Students' efforts receive supporting grant
Louisville Seminary | Sep 02, 2003
Students’ efforts for women of color is recognized with supporting grant money.
The Office of Evangelism and Racial/Cultural Diversity of the General Assembly Council of the Presbyterian Church (USA) has awarded Louisville Presbyterian Theological Seminary (LPTS) a grant in the amount of $1,000 for the initiation of a multicultural program that will benefit women of color who are students at the Seminary.
The Rev. Raafat S. Girgis, associate with the Presbyterian program who encouraged schools to submit project proposals, congratulated the Seminary for its initiative in promoting multicultural ministry among seminarians in Louisville and in the surrounding community. Louisville Seminary was one of four Presbyterian seminaries to receive grants.
The program, called Women at the Well, is the brainchild of two women of color who are Master of Divinity students at LPTS. “Women at the Well serves a two-fold purpose,” said Lauren Randall, a Native American student from Horton, Kans. “It is a support group and it is project-orientated.” Lauren said that she thought about the need for such a group during a recent campus project to collect and send care-kits to Malawi, where HIV/AIDS is epidemic.
“During many of the Seminary’s Women's Center events, I found myself sharing information about my culture and listening to other women of color share their own experiences, noting how our seminary experience can be different from other students’,” said Randall, who also serves as one of the Women’s Center part-time coordinators, a field education opportunity.
Randall organized a lunch meeting for all the women of color who are students at LPTS. The meeting was intended to be a one-time-only meeting to talk about how the Women's Center could be more inclusive to women of color. But as the meeting progressed and more and more issues were discussed, the one-time-only meeting became a monthly commitment, then bi-monthly, until the women became an established group, calling themselves "Women at the Well."
Women at the Well was inspired from the fourth chapter of the Gospel of John, in which Jesus encounters the Samaritan woman at the well. “She comes to the well alone and ostracized. Yet, she leaves with eternal water and with the desire to help her community by telling others what Jesus has done for her. We are women at the well. We have had experiences like the Samaritan woman, and we wish to respond, as she did, for the good of our communities,” said Randall.
Angela Cowser, a first-year African American student from Tennessee helped to write the grant proposal that seeks to recognize, celebrate, strengthen, and preserve a woman of color’s identity that is as “deeply rooted in one’s heritage as it is in one’s gender.”
“Women of color experience a dual-citizenship in America: Living as a minority in a majority culture and society is sometimes joyful, sometimes painful,” she said. “This program is one way to further the work of educating, in an interesting way, the broader LPTS community about the minority experience as it affects how one sees the world and the larger society. It’s more than being sympathetic to the issues of minority and diversity; it’s about knowing and understanding the experience of the 'other',” Cowser explained.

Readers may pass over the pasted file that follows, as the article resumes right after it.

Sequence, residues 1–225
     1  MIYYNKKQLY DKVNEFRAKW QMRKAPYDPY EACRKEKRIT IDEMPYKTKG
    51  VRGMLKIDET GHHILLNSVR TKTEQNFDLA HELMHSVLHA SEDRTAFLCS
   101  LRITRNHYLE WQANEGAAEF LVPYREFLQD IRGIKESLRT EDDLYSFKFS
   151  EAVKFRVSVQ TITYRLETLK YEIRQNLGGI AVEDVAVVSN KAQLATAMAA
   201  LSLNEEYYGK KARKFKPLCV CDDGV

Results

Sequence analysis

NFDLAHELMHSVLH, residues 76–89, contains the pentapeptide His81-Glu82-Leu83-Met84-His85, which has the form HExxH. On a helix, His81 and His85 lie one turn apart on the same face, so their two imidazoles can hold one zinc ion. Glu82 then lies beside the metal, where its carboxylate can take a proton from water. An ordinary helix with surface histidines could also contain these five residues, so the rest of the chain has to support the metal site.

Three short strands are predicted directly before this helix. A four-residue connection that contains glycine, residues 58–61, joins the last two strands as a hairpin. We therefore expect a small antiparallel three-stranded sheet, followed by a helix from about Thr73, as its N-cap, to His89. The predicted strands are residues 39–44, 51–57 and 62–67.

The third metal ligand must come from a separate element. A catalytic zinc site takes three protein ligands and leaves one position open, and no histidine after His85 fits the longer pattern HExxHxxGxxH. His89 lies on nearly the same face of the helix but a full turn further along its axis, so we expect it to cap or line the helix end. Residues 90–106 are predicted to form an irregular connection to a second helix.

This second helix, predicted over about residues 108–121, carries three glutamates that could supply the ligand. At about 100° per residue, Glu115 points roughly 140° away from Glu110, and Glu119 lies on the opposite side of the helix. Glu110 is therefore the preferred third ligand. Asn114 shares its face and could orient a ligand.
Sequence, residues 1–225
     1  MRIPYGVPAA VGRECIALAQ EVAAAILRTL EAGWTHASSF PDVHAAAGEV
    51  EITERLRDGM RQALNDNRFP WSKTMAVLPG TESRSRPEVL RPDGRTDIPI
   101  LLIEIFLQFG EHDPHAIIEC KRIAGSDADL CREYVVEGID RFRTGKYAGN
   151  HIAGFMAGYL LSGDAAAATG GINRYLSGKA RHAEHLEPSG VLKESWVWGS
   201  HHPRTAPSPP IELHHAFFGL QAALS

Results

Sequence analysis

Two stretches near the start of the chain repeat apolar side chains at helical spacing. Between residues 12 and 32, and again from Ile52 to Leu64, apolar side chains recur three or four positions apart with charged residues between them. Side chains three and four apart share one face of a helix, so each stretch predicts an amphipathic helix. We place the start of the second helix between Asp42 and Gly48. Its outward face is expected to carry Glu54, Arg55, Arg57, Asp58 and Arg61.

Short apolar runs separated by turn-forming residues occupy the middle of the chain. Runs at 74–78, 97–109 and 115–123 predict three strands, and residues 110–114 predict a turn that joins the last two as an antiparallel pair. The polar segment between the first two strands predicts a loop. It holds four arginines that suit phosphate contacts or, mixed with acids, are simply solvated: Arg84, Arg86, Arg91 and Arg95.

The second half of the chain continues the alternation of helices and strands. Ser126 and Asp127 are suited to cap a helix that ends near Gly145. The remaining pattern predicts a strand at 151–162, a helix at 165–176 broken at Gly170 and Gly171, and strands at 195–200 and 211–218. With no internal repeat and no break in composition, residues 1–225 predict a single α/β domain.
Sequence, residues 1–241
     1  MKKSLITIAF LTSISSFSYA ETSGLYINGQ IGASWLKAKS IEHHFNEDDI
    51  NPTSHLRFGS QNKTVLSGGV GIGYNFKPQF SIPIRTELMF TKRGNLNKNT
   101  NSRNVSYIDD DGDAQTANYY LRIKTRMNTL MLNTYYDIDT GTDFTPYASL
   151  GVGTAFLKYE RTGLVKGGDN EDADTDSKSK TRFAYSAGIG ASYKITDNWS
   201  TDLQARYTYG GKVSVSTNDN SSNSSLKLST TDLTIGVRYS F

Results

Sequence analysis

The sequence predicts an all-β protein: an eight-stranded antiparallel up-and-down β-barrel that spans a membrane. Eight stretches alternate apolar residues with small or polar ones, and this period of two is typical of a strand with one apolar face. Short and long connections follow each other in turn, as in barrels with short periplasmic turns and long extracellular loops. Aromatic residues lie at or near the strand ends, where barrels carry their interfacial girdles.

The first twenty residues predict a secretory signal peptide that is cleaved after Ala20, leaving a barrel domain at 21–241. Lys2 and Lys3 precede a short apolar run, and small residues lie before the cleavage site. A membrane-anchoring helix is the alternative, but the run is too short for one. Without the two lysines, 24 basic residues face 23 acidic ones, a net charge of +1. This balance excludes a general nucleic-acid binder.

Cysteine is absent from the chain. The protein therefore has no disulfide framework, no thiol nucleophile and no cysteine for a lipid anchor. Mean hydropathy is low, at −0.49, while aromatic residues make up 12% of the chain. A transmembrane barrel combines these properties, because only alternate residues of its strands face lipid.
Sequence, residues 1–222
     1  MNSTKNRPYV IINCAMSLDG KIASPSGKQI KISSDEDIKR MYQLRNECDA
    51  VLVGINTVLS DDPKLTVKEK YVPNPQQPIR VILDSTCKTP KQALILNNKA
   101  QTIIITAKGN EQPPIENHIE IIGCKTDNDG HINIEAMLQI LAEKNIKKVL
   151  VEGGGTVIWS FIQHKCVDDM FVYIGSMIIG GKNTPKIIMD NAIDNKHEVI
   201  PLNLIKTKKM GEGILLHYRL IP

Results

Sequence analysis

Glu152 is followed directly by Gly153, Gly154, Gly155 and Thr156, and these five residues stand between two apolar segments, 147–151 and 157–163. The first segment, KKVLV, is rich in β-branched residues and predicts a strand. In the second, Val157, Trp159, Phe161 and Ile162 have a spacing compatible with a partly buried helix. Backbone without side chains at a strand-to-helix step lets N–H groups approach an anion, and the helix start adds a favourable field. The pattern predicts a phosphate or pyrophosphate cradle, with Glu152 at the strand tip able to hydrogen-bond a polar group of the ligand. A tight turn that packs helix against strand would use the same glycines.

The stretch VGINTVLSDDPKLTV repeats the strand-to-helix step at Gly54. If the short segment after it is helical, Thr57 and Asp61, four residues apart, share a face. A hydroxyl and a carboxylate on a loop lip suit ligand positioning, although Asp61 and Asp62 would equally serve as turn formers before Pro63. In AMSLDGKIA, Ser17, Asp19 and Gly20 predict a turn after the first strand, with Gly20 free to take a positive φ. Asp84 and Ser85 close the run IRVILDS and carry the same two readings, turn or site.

Women at the Well has as its goal to help “promote the strength of women (everywhere) and to assist other women of varied diversities economically, spiritually, and in overall total well being.” The members hope to contribute to local and global issues through frequent service projects; attending, creating, and leading multicultural worship experiences; establishing a prayer/Bible study on campus that addresses both exclusion and inclusion; hosting roundtable discussions; and bringing experts on campus to speak about denominational commitments to multicultural ministry.
“Some of the events planned will help encourage informal conversation and reflective thinking on multiculturalism as a way to put into practice (or as an outgrowth of) the more formal and theoretical classroom teaching,” said Dean of Students Donna Melloan.
“Women at the Well signals an important turning point in the life of the Seminary,” added Dr. Stephen Ray, associate professor of theology and philosophy, who has been enlisted to serve as the group’s faculty advisor. “This is the first organization of women of color which has organically grown on this campus. The initiation of such a group represents not only a hope for the future, but also the realization of a multicultural presence at LPTS. The investment of these women in our community means that we have realized some success in creating an environment in which minorities can feel that they have a part in building the future.” As advisor, Ray will assist the students in developing the program, which will be a collaborative organization supported by the Seminary’s Gender in Ministry and the Cultural Diversity Committees.
Women at the Well will meet monthly, beginning in September, and is open to individuals who share a commitment to provide an open, safe space where “women of various legacies and cultures can bring and discuss concerns about LPTS and its dominant culture” Among last year’s 148 Masters-level students, 94 were women; 17 were women of color, who represented African American, Native American, Hispanic, and international backgrounds.
The mission of Louisville Presbyterian Theological Seminary is to serve the church and the world by educating men and women for participation in the continuing ministry of Jesus Christ. Founded in 1853, the Seminary offers an inclusive and diverse community, welcoming individuals from wider ecumenical backgrounds. The Seminary is an institution of the Presbyterian Church (U.S.A.).